- Shakhmatov's Legacy and the Chronicles of Kievan Rus´
The legacy of Aleksei A. Shakhmatov (1864–1920), a philologist and historian who left a fundamental mark on the field of Russian chronicle studies, has been under careful examination for over a century. His ideas and hypothesis about the early history of Rus´ chronicle writing made up a complicated theory, based on the construction of hypothetical layers, or stages, (svody) of the chronicles that preceded the earliest surviving Kievan chronicle, Povest´ vremennykh let (PVL).1 This chronicle, which survives in five main copies dated from 1377 to the 16th century, has customarily been called The Primary Chronicle in English, even though it is precisely this primacy that Shakhmatov questioned. Although Shakhmatov was challenged even by some [End Page 637] of his contemporaries—for example, Vasilii M. Istrin, Sergei A. Bugoslavskii, and Nikolai K. Nikol´skii—the core parts of his vision were accepted until the beginning of the present century.2 Today we are witnessing a renewed interest in textual criticism, and various articles have challenged Shakhmatov's theory. The best-known efforts may be those undertaken by Donald Ostrowski of Harvard University and Aleksei Tolochko of the Center for Kievan Rus´ Studies in Kiev.3 The two monographs under review here grew out of active investigations by the two arguably most dynamic historians from the Center for Kievan Rus´ Studies of the Ukrainian National Academy of Sciences: Tat´iana Vilkul, senior fellow of the Institute of Ukrainian History; and Tolochko, who is also a corresponding member of the Ukrainian National Academy of Sciences in the Department of History, Philosophy, and Law.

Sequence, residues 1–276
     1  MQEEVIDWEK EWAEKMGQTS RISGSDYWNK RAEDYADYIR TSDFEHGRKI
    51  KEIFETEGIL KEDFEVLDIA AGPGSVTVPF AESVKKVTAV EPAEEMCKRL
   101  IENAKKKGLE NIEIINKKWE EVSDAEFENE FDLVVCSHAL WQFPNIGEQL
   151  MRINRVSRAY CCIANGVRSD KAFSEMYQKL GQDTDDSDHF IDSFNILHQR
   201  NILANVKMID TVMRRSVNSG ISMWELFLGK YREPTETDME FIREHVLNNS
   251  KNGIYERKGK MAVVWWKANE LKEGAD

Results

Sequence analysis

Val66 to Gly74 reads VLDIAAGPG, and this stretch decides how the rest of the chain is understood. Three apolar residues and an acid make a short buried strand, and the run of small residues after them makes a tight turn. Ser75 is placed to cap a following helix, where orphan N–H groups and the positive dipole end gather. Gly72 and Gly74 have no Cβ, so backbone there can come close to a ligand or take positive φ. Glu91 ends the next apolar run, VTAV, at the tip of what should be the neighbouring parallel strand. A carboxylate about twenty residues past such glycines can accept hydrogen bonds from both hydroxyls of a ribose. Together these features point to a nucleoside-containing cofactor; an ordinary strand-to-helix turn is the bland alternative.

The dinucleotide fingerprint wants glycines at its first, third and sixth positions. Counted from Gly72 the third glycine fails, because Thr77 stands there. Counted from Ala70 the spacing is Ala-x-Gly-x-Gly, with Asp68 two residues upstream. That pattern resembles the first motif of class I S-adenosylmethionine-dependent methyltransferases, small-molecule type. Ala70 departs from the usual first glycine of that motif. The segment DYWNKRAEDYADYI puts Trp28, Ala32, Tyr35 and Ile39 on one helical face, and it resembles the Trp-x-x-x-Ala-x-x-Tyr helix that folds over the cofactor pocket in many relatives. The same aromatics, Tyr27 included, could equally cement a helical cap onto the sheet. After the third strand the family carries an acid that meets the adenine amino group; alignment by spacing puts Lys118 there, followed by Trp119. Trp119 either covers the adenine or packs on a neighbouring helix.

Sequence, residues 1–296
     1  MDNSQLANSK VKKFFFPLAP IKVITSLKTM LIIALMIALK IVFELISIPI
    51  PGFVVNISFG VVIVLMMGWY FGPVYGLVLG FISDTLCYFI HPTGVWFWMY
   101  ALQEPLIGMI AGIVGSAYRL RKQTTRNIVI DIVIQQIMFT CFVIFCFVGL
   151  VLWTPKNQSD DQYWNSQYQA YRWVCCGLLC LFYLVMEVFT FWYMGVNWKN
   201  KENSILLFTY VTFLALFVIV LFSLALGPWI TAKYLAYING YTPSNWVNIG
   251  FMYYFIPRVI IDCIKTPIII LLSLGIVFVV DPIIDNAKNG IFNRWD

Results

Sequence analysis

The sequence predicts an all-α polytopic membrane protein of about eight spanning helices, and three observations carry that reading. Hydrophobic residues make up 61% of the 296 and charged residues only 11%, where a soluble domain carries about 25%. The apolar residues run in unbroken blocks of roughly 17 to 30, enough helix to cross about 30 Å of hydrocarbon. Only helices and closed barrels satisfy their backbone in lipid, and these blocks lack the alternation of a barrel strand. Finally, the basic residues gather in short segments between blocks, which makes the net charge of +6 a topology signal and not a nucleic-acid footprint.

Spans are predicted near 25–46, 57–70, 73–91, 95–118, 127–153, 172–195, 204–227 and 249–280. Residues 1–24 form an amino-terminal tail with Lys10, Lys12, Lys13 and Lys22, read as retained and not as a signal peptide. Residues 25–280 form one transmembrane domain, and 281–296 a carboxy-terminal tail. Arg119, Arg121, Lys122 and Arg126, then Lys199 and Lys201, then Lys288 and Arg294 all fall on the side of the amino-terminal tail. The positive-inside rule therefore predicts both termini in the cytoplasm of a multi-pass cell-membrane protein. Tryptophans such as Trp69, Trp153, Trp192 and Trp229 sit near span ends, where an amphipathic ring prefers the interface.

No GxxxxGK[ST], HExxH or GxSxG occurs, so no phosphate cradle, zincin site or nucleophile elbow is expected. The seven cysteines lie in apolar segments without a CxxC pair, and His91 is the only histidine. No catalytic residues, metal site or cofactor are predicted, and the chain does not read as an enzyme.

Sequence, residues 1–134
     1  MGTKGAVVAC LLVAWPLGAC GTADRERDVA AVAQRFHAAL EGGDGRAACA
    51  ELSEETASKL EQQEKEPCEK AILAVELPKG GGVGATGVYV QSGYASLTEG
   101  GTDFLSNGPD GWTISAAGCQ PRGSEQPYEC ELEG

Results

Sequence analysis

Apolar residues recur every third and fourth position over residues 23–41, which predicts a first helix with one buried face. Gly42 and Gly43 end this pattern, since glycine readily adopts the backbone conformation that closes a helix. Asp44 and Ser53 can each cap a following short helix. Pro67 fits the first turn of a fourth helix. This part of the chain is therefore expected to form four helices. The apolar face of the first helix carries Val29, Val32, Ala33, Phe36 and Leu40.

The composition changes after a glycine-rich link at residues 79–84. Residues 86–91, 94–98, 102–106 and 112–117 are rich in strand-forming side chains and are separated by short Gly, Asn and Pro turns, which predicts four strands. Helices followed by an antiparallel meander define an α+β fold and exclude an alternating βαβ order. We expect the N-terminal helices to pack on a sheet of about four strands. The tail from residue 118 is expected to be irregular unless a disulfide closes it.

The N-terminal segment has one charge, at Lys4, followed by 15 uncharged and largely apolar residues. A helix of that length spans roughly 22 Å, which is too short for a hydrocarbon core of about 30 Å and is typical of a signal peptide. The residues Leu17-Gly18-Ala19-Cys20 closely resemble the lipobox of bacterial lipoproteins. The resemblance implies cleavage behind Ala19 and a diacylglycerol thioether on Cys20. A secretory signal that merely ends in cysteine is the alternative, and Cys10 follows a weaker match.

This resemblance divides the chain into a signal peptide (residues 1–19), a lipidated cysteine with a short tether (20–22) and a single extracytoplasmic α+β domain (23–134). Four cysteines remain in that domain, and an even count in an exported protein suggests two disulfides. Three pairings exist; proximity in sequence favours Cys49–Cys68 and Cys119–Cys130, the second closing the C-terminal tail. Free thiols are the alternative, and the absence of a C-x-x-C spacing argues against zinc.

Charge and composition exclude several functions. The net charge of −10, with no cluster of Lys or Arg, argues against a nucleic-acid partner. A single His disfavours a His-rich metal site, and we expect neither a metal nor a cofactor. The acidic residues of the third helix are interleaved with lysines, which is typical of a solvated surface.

As a general rule, every historian using early chronicle sources has had to adopt some kind of stance vis-à-vis Shakhmatov's theories. In particular, he or she must decide whether to believe in the existence of the pre-PVL chronicle layers (svody)—especially in reference to what is called the Nachal´nyi svod (Beginning Compilation). Based on the theory of prior chronicles, Shakhmatov and his followers have claimed that a tradition of chronicle writing existed in Novgorod and Kiev 100 years or so before our earliest text witness—the Primary Chronicle.
Tolochko sharply disagrees with Shakhmatov's thesis of earlier layers underlying the PVL on the grounds that this theory opened a kind of Pandora's box, revealing old chronicle layers wherever one looked. In this way, Tolochko claims, Russian and Soviet scholars have created a national myth about medieval sources that never existed but are treated as if they did. Identifying these [End Page 638] layers make it possible to accept the PVL as an authentic witness to each historical incident that it describes. The idea that each historical report, or annal, was supposedly recorded not long after the date cited in the chronicle is used to support the view that the PVL offers a real eyewitness report of the events it describes.
The chronographs form part of Shahmatov's circular argument, which led him to analyze the text of the Novgorod I Chronicle in Its Later Redaction (Novgorodskaia pervaia letopis´ mladshaia redaktsiia, hereafter NIml) as derived from the pre-PVL text. This text he designated as Nachal´nyi svod. Shakhmatov argued that both the PVL and the Nachal´nyi svod bore evidence that linked them to the chronographs. This argument placed the chronographic tradition in Rus´ as already having been established before the 1090s, which was the date of Shakhmatov's hypothetical Nachal´nyi svod.
Emerging from this discussion is a major new contribution from Tat´iana Vilkul. A diligent writer, she has published several articles on textual criticism of chronicles and other Old Rus´ texts.4 In the monograph under review, she has completed a notable synthesis of her work, tying together the lines of her previous studies...